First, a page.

Using shape information from natural tree landmarks for improving SLAM performance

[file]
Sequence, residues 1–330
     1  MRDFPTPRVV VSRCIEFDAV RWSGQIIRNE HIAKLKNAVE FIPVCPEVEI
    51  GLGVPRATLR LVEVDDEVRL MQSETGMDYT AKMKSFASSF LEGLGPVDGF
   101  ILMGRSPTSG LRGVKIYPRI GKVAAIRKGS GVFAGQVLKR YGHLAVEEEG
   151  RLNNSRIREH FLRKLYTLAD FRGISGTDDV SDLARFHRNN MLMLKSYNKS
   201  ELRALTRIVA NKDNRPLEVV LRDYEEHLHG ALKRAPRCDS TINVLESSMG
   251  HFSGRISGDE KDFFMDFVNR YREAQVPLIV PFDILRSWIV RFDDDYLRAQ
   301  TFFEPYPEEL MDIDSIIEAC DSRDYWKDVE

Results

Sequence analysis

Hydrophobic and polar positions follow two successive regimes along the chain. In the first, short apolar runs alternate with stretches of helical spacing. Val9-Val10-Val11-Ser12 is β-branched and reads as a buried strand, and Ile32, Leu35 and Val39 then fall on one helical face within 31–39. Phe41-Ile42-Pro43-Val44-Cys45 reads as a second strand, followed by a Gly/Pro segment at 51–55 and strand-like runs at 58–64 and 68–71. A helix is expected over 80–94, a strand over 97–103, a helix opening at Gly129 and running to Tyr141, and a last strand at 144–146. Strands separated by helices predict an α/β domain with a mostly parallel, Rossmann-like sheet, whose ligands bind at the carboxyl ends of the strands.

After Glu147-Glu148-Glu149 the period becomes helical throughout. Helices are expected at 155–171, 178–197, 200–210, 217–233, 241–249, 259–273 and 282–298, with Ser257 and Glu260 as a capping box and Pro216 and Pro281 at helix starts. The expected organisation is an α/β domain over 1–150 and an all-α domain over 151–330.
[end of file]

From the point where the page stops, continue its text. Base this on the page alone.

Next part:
Localization and mapping are crucial components for robotic autonomy. However, such robots must often function in remote, outdoor areas with no a-priori knowledge of the environment. Consequently, it becomes necessary for field robots to be able to construct their own maps based on exteroceptive sensor readings. To this end, visual sensing and mapping through naturally occurring landmarks have distinct advantages. With the availability of high bandwidth data provided by visual sensors, meaningful and uniquely identifiable objects can be detected. This improves the construction of maps consisting of natural landmarks that are meaningful for human readers as well. In this thesis, we focus on the use of trees in an outdoor environment as a suitable set of landmarks for Simultaneous Localization and Mapping (SLAM). Trees have a relatively simple, near vertical structure which makes them easily and consistently detectable. Furthermore, the thickness of a tree can be accurately determined from different viewpoints. Our primary contribution is the usage of the width of a tree trunk as an additional sensory reading, allowing us to include the radius of tree trunks on the map. To this end, we introduce a new sensor model that relates the width of a tree landmark on the image plane to the radius of its trunk. We provide a mathematical formulation of this model, derive associated Jacobians and incorporate our sensor model into a working EKF SLAM implementation. Through simulations we show that the use of this new sensory reading improves the accuracy of both the map and the trajectory estimates without additional sensor hardware other than a monocular camera.